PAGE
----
quote:
Originally posted by DoktaP:
A fabulous vintage indeed, and shared by the infamous Longboarder and KSCO2. We were fortunate enough to have a '59 tasting at Kiki's in Chicage 3 years ago. These wines (left bank Bordeaux) are definitely worth seeking out, but the current pricing is quite prohibitive. Enjoy the hunt and the kill.

Cool Great memories
I will say that even with north of 200 bottles of fonseca and quite a regular amount of drinking

the sheer amount of bottle variation in port means that it would be very difficult to pick out a fonseca blind.

if however you gave me single blind with multiple houses across say 8 different houses, and one of them was a fonseca 1970 or 1985, I'd be I could pick fonseca out blind.

i've also had fonseca / taylor tastings of same vintages side by side where out of 8 bottles, I favored the fonseca 6 times out of 8.
A wine that I know the best, simply because I drink it more than anything else is the Napa bottling from Heitz. However, the vast majority of these are '05 & '06, since they're readily available.

As for my experience through different vintages...

- Dunn "Howell Mountain"
- Heitz "Martha's Vineyard"
- Montrose
- Cos d'Estournel
quote:
Originally posted by kid lightning:
BV GdLT.
I have quite a bit of it, going back to '47.
This was the "house wine" of my high school girlfriend's dad; the first decent wine I ever had.
Unless you count Boones Farm Tickle Pink.

If that includes the '58, then you're my new best friend. Smile Best wine I've ever had, and amazingly fresh!
So Stef and I are walking through the vineyard at Chaine d'Or in Spetember and she says: "Is that Pinot?", in a row of the Chardonnay. I go, "that's weird I've never seen that plant before."

I've been working there since 2005 and taking care of the vineyard since 2008. Including walking every freaking row with a back pack sprayer on my back.

So, we send Jerry Anderson a note. Jerry planted the vineyard in 1987 and we ask "Jerry did you know there's a Pinot plant down in the Chardonnay?"

He replies "Really? I've never seen it."

You never really know a wine. You're always learning.
quote:
Originally posted by Stefania Wine:
So Stef and I are walking through the vineyard at Chaine d'Or in Spetember and she says: "Is that Pinot?", in a row of the Chardonnay. I go, "that's weird I've never seen that plant before."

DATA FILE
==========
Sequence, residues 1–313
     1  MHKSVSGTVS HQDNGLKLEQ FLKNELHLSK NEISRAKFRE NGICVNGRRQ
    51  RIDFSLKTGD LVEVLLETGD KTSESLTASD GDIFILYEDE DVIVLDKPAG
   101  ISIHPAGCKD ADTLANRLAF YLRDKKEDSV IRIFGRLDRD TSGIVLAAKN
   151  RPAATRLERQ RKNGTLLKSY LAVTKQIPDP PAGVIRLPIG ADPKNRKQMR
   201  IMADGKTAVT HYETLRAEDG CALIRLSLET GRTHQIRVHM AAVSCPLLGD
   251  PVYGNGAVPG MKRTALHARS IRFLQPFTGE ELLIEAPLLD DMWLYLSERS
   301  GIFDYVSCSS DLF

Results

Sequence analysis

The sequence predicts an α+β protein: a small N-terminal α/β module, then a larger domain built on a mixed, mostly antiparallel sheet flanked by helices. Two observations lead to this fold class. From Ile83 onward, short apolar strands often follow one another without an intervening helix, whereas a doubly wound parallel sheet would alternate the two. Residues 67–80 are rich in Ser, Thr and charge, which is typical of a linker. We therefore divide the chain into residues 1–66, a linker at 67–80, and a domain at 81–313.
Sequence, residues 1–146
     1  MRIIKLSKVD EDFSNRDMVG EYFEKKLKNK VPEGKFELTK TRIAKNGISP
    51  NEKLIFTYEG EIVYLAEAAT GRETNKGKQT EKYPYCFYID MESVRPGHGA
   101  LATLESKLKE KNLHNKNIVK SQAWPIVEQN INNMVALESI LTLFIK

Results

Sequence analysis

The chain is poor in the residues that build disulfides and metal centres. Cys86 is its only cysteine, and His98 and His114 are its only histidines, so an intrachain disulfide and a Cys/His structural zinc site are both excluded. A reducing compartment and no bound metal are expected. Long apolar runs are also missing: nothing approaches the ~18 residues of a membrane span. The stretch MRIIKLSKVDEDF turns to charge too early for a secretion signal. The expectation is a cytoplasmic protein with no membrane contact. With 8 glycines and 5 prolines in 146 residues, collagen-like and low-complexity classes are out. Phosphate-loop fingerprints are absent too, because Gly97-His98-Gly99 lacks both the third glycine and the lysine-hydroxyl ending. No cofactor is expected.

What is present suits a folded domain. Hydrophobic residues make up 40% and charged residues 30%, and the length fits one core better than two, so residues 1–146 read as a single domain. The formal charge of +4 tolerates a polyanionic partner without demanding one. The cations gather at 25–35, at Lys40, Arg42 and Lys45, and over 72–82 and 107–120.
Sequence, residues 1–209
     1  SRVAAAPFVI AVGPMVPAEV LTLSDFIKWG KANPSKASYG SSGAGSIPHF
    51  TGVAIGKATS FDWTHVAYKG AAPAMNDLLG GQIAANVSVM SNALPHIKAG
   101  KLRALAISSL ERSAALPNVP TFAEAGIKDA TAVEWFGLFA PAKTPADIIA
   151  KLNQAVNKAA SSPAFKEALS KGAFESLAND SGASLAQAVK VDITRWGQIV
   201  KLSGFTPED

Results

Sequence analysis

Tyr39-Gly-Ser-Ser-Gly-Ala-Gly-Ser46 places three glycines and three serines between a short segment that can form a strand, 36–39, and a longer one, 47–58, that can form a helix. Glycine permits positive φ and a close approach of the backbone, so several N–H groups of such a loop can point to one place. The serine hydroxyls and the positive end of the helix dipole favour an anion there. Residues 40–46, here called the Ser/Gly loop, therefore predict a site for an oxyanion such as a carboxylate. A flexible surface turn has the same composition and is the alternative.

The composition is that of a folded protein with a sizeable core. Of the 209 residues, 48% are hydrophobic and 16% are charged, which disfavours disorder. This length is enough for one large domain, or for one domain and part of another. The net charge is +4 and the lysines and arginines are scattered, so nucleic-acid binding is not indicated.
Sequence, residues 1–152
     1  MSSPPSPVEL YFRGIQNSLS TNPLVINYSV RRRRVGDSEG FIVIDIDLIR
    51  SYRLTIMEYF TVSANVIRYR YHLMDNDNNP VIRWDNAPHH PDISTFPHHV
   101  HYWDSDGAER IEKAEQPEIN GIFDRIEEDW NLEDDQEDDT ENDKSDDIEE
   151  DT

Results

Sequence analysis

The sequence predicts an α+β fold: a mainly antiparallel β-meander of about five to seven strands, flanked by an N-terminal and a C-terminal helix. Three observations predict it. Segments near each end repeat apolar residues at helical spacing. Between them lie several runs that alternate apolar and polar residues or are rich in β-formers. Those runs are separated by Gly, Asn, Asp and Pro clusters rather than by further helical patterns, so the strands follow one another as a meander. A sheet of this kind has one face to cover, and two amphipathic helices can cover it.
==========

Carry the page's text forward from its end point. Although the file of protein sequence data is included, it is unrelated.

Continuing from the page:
I've been working there since 2005 and taking care of the vineyard since 2008. Including walking every freaking row with a back pack sprayer on my back.

So, we send Jerry Anderson a note. Jerry planted the vineyard in 1987 and we ask "Jerry did you know there's a Pinot plant down in the Chardonnay?"

He replies "Really? I've never seen it."

You never really know a wine. You're always learning.


sounds like stefania's getting ready to come out wiht some sparklers!!!!
quote:
Originally posted by SD-Wineaux:
quote:
Originally posted by kid lightning:
BV GdLT.
I have quite a bit of it, going back to '47.
This was the "house wine" of my high school girlfriend's dad; the first decent wine I ever had.
Unless you count Boones Farm Tickle Pink.

If that includes the '58, then you're my new best friend. Smile Best wine I've ever had, and amazingly fresh!


I've never had the '58 but would love to try it. I've still got some '47 and '49 left, along with some '68, '70, '74, '78 and lots of '80s-'05.
I do have some '58 Inglenook thoughWink
quote:
Originally posted by Stefania Wine:
So Stef and I are walking through the vineyard at Chaine d'Or in Spetember and she says: "Is that Pinot?", in a row of the Chardonnay. I go, "that's weird I've never seen that plant before."

I've been working there since 2005 and taking care of the vineyard since 2008. Including walking every freaking row with a back pack sprayer on my back.

So, we send Jerry Anderson a note. Jerry planted the vineyard in 1987 and we ask "Jerry did you know there's a Pinot plant down in the Chardonnay?"

He replies "Really? I've never seen it."

You never really know a wine. You're always learning.


Somatic mutation?
More likely nursery screw up. It's in part of the vineyard that's never been netted before. Our guess is that because it was going through verasion so early, not netted, and bright red, it was getting eaten every year before any humans saw that it was a red grape and not a white grape.

Probably what we've been asking for the last 25 years is "why did the birds eat that plant first". Given though that birds attack a vineyard plant by plant it just probably never seemed unusual that one plant had been cleaned out when the ones around it had not.